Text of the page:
Portfolio Committee on Economic Development
Mpho Ramonotsi
Comments on Economic transformation, inclusive growth, and competitiveness: Towards an Economic Strategy for South Africa
9 September 2019 3:29 p.m.
Dear Portfolio Committee on Economic Development,

This policy adjustment proposal by Treasury is partly well written and researched and partly misled. There are 3 main points which I think will either make the proposed reforms fail or the envisioned outcome fail to be realized.

1) First and foremost is ENERGY availability and generation:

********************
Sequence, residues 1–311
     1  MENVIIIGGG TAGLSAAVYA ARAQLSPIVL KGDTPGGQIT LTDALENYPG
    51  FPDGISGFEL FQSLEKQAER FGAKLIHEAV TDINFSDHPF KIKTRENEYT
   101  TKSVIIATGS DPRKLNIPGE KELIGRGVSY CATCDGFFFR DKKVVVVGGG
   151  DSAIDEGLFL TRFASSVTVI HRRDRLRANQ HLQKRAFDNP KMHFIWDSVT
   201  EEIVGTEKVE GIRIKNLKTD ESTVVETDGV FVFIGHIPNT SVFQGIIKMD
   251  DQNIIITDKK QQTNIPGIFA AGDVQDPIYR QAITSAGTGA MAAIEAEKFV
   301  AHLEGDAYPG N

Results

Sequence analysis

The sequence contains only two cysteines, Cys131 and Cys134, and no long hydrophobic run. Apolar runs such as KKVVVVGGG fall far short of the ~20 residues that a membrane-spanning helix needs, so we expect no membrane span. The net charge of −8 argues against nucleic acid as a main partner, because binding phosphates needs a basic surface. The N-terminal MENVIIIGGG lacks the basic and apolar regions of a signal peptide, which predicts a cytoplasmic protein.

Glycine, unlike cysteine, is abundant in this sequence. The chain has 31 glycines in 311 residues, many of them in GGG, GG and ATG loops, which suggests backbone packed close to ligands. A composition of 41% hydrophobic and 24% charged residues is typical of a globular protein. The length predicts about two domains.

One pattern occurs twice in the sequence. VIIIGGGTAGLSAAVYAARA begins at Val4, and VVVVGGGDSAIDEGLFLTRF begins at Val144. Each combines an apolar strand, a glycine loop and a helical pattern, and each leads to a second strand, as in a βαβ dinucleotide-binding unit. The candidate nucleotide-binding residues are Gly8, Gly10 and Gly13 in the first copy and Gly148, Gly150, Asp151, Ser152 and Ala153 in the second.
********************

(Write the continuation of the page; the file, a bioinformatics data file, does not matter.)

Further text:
The policy adjustment proposal fails to recognize that without Energy expansion, the economy will never grow. This is not only the basic law of economic growth, it's also the fundamental law of physics. I have made a strong argument that you can not expect to have say 5% economic growth if your energy generation and distribution did not growing by 5% prior to your economic growth (mark the word PRIOR). The proposed selling of ESKOM coal fired power station assumes that the country has sufficient generating capacity to cater for further economic growth. This notion is either devoid of basic principles or is deliberately disingenuous. Bottom-line is without expansion of power generation and distribution, further economic growth is impossible. The policy proposal should first and foremost insist on further expansion of power generation and reticulation on a more urgent basis, private sector should only be involved by creating new generation capacity, not by swooping captains of the existing ship and think energy will miraculously be created from thin air to grow this economy. The report also points out the need of least cost version of IRP. It refers to the model revised by CSIR from the DOE base case IRP model of November 2016. Treasury proposals and inferences have failed to recognize that although CSIR model removed constraints on DOE model yet miraculously or naively introduces ASSUMPTIONS in the CSIR model that made their renewable case less expensive. Even employment figures quoted are largely based on renewable construction and manufacturing (and assumes that the inevitable mechanization in manufacturing will not happen), and also assumes that none-renewable sources do not have construction and manufacturing components as well (see the attached report for more objective comparison of all of these technologies). The assumptions that were introduced by CSIR were not only unrealistic, but they were impossible to ignore if their model was to be considered. To highlight two of these assumptions: CSIR did not consider the cost of new distribution network that will be required to connect these renewable to the current grid. The other major assumption of CSIR was the ignoring of the cost of storage (either by battery or other means such as pumped storage dams). Majority of renewable such as solar is generated during the limited time frames of the day, weather permitting, and all of solar generators are rated at peak generation. CSIR used peak generation of solar panels and applied it throughout the day, which is a fundamental error in their model which will significantly change the output of their model. CSIR ignored the peak demand of power by industry and failed to cater for the fact that industrial and mining machines will not be sustained by operating power demand only. To cater for peak demand, installed capacity will have to be significantly increased, either by more renewable capacity than they have proposed or other generators such as gas, coal and nuclear. CSIR did not include the cost of life span of renewable generators which is mostly 20 - 25 years at best. There are lots of defects on CSIR model that still need to be factored in, in order to determine the least cost version of IRP, therefore is not correct for Treasury to consider CSIR model as an appropriate model to follow. Treasury also failed to recognized that business and mostly household that have solar PV panels on their roof tops are heavily subsidized by their country men and women that do not have such luxury. Effectively one is able to have guaranteed power when his/her own system can no longer generate required power such as after sunset, yet such consumer is paying nothing towards maintenance and availability of such guaranteed power, thereby ensuring the poor subsidies the rich. The cost of renewable is not the cost of production when we can generate it (i.e during the daylight or windy times) but the cost of renewable is actually when we can have power when the sun is gone and the wind is not blowing. The attached report shows that at the moment renewable important as they may be for future sustainability of the planet, they are NOT the least levelized cost of generation.